By Mike Donkin
BBC News, Malta
Migrants are charged hefty fees for places on flimsy boats
In Malta's historic harbour a grey marine patrol ship cuts through the brightly painted tourist craft to land what has become a routine - and tragic - human cargo.
Huddled, damp and exhausted on deck are 21 Somali emigrants plucked from a leaky open boat after a grim voyage from Libya.
They are among nearly 1,700 emigrants from Africa who have been rescued off Malta's shores so far this year. Another 1,800 came last year.
Malta - tiny and densely populated - is now on Europe's new Mediterranean frontline for African emigrants.
It just cannot cope and is pressing fellow EU nations to help.
I go aboard the boat that rescued the Somalis to hear about their voyage. Each paid $600 (£320) to a smuggling gang, they say.
Detainment facilities are stretched to the limit
"Our journey was so very bad," one man tells me. "When we left there were 27 of us. But six of them are dead. They threw themselves into the sea."
Another emigrant says: "It was very terrible to get here. We also thought all of us would die at sea - because there was no food, no water. And we didn't have anyone to help us."
I ask if he is relieved now to be in Malta. "Yes, I am. We are very happy to have our lives - to be safe in this place."
But the relief quickly wears off. The emigrants are detained for a year or so behind barbed wire while it is decided whether they will get refugee status - few do - or can stay on humanitarian grounds.
Then they go to one of several packed open centres, where they are fed and housed for free. The biggest, at Marsa, is now scarcely habitable. It is a sprawl of old school classrooms beside a canal.
Victor Fiorini helps run it, and takes me on a tour, through the bunk beds crammed into a workshop-turned-dormitory and into a yard where there is a tent.
About 1,700 migrants have been rescued from the sea this year
We go inside. "There are 20 people sleeping in here," Victor says. "Just now it's raining and you can see that it's already flooding.
"Basically we need to close this tent down, but we don't know where we would put these people. There's simply no more space."
The biggest complaint that Marsa's residents have, however, is not about their accommodation. It is about the lack of jobs in Malta, which makes it impossible to find the new life they risked the seas to find.
Gettu is an Eritrean among a line of jobseekers who are touting for work around a building site and along the main road outside the centre. He is a fit-looking man in his twenties.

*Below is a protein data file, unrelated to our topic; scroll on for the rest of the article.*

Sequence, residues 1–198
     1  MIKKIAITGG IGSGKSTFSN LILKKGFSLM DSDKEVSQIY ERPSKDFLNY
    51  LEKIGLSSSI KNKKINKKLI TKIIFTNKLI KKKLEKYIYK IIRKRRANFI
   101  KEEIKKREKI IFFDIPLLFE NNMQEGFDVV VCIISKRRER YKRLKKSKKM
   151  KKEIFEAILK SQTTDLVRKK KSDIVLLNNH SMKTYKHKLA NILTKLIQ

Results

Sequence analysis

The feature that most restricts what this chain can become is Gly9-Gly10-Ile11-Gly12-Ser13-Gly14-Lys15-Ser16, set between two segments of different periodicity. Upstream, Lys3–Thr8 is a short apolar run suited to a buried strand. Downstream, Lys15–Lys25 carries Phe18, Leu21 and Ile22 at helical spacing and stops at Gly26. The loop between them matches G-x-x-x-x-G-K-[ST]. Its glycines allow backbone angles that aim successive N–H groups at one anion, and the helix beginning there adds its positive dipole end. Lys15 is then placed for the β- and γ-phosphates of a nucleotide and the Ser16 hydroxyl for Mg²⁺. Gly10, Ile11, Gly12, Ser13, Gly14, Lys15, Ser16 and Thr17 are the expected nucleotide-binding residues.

"No-one here has got a proper job. Malta is a small country. There is no employment here," Gettu says.
"Maybe you get one day's work. After that you just must just sleep."
It's a world away from Malta's preferred image as a Mediterranean sunspot.
In the capital, Valletta, the horse and carriage drivers ply their trade and the pavement cafes are full of mostly British holidaymakers tucking into ice creams and sweet pastries.
These visitors are welcome. They make up the thickest slice of the Maltese economy. But for most Maltese residents - like Joseph Agius, who is in the tourist trade - the other unsought influx is not.
"I don't want to sound like a racist," Joseph says. "But what if these people get Maltese citizenship? The civil service will have to provide for them.
"These people will get payments which will eat up the social benefits that my children should one day get... from the taxes I have paid."
Malta's government says the tiny island simply cannot cope and its new and powerful ally, the European Union, must help.
Malta wants to see joint sea patrols and to get funds to deal with the emigrants, Deputy Interior Minister Louis Galea tells me.
Most importantly, larger, richer EU nations should give homes to most of those whom an accident of geography brings to these shores.
"Malta is perhaps the most densely populated piece of rock on planet Earth. We have meagre resources to deal with these problems," Mr Galea says.
"It is therefore important that more EU states come up with concrete co-operation by taking more of the illegal immigrants. They may arrive in Malta, but in fact they want to settle in the European Union not Malta."
The emigrants are exhausted as they struggle ashore but the rescuing ships' crew are at their limits too.
The overstretched Armed Forces keep watch for more of the flimsy, leaking boats.
"We do our best to save every life and we have saved many," says patrol ship skipper Lt Russell Caruana. "But we are very, very stretched."
"We surely need more help from Europe and from everyone. With the boats we have and the size of our island, Malta cannot cope alone."